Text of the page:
Safe Travels Update for Veterans Offered at Township Building
Safe Travels Update for Veteransin observance of Veterans Day
Program is sponsored by the Mount Joy Lions Club in cooperation with East Donegal Township Thursday, November 7, 2019 9:00 am to 12:00 noon East Donegal Township Building 190 Rock Point Road Marietta, PA
Program is free and will include a light lunch ALL VETERANS and other interested individuals are
The program will be facilitated by Lions Club member, Nevin Lontz. Writer of Safe Travels articles for local monthly newsletters Program will
cover new PA Driving Laws
Pre-registration is requested. Call or email Nevin Lontz @717-309-9623 orNmlontz@gmail.com
Questions may be directed to Nevin Lontz at above
Trick or Treat Scheduled for 6:00 PM to 8:00 PM, Thursday, October 31, 2019
To most youngsters, there is nothing better than getting free candy! But because safety probably will not be their first priority, parents can help make sure this Halloween will be a safe one by following these tips:
Costumes should be bright and reflective and not drag on the ground; masks should allow for unobstructed vision and kid’s shoes should fit their feet.
Make sure young children are accompanied by an adult, even if it’s not you.
Pack a flashlight in the candy bag for use while walking after dark.
Stay away from houses that are dark.
If there is no sidewalk, walk on the left side of the road, facing traffic using the flashlight for safety.
A cell phone should be handy to call 911 in case of emergency.
Inspect all candy. Although tampering is rare, it’s better to be safe than sorry.
As a homeowner, it is your duty to make sure the yard is clear of anything that could be a tripping hazard (i.e. hoses, ladders, flower pots, dog toys, unlit steps).
Jack O’Lanterns should be lit by battery-powered flame, not a candle, to prevent a costume, bag, or decoration from catching fire.
Lock your dog or cats up in a room where they can’t see the trick-or-treaters. And don’t forget, chocolate can be deadly to pets. Make sure kids don’t try to feed your family pet a treat!
Stop This Invader – Spotted Lanternfly
What is the Spotted Lanternfly?
The Pennsylvania Department of Agriculture has issued information related to the Spotted Lanternfly (Lycorma delicatula), or SLF, an exotic insect pest native to China, India, and Vietnam. The Spotted Lanternfly was first found in Berks County in 2014 and has since spread to several surrounding counties, including Lancaster County. See the complete map of affected counties as of November 4, 2017 by clicking here. An updated map of Spotted Lanternfly distribution may be found by clicking here. Due to this pest’s spread throughout southeastern Pennsylvania, the Commonwealth issued a Spotted Lanternfly Quarantine and Order in 2018.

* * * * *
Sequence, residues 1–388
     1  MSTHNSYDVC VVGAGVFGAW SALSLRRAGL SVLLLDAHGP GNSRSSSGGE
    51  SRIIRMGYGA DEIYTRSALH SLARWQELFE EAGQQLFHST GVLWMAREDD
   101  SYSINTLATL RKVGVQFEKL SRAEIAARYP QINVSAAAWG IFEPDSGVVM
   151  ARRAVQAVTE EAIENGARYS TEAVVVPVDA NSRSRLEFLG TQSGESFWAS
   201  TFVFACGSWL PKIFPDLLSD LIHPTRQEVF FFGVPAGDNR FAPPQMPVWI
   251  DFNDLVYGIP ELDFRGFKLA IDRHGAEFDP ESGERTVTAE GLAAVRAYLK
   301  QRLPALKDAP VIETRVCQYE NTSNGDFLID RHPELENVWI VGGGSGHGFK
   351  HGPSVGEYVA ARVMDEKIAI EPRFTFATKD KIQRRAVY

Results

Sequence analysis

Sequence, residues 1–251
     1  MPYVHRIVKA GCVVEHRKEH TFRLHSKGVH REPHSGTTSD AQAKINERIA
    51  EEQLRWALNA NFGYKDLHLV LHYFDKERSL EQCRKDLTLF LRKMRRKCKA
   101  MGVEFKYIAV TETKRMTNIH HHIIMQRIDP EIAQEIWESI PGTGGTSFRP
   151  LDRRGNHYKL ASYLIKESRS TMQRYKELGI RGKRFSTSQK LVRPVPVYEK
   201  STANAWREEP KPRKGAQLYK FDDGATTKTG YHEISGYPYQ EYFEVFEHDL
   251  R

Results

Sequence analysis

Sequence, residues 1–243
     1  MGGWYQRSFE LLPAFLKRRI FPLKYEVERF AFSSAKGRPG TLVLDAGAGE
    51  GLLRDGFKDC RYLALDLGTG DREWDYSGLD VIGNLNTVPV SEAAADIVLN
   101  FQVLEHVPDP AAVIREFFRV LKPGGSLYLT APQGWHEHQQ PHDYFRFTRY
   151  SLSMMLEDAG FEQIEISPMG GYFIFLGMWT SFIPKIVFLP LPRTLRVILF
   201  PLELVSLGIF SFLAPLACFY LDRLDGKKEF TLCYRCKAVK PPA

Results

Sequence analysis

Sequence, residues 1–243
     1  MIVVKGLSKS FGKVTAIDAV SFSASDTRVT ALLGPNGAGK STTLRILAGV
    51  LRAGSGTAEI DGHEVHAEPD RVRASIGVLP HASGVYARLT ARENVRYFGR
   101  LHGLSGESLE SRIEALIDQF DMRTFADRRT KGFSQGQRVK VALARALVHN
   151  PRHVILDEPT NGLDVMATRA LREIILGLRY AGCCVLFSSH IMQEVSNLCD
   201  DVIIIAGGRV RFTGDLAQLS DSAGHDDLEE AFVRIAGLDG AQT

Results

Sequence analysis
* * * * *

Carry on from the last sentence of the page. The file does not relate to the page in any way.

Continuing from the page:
The Spotted Lanternfly can feed on a variety of over 70 plants such
as grapes, cherries, maples, stone fruits, and the Tree of Heaven. For a
chart of the signs of the Spotted Lanternfly, click here.
Other insects such as the Giant Leopard Moth and the Vigin Tiger Moth
may be confused with the Spotted Lanternfly due to their appearance.
When in doubt, report a suspicious moth to email@example.com.
Visit the Penn State Extension website with extensive information about the Spotted Lanternfly by clicking here.
Visit the PA Department of Agriculture’s Spotted Lanternfly page by clicking here.
What problems do they pose?
The Spotted Lanternfly can infest nurseries and tree farms and
decimate fruit-bearing trees and vines, ruining their crops. They are
known to have killed over 70 species of plants, including hardwood,
dogwood, pine, and spruce trees.
Fortunately, there is only one generation of SLF per year.
What can businesses do to control the Spotted Lanternfly?
To stop the spread of the Spotted Lanternfly, the Pennsylvania
Department of Agriculture issued a quarantine for counties where the
presence of this pest has been confirmed: Berks, Bucks, Carbon,
Chester, Delaware, Lancaster, Lebanon, Lehigh, Monroe, Montgomery,
Northampton, Philadelphia, and Schuylkill Counties. Businesses operating in the quarantine zone must have permits to move equipment and goods within and out of the zone. Unsure if your business or organization is required to carry permits? Check the Penn State Extension’s online articlefor more information and examples of who is required to obtain a permit.
Penn State Extension and the Pennsylvania Department of Agriculture
have developed a self-paced, online course to train designated employees
how to comply with the quarantine. This course will teach the
designated employees what they need to know about the spotted lanternfly
through short, informative videos. They will learn the spotted
lanternfly lifecycle and how to identify each life stage, what it likes
to eat, and where it likes to lay its eggs. They will also learn how to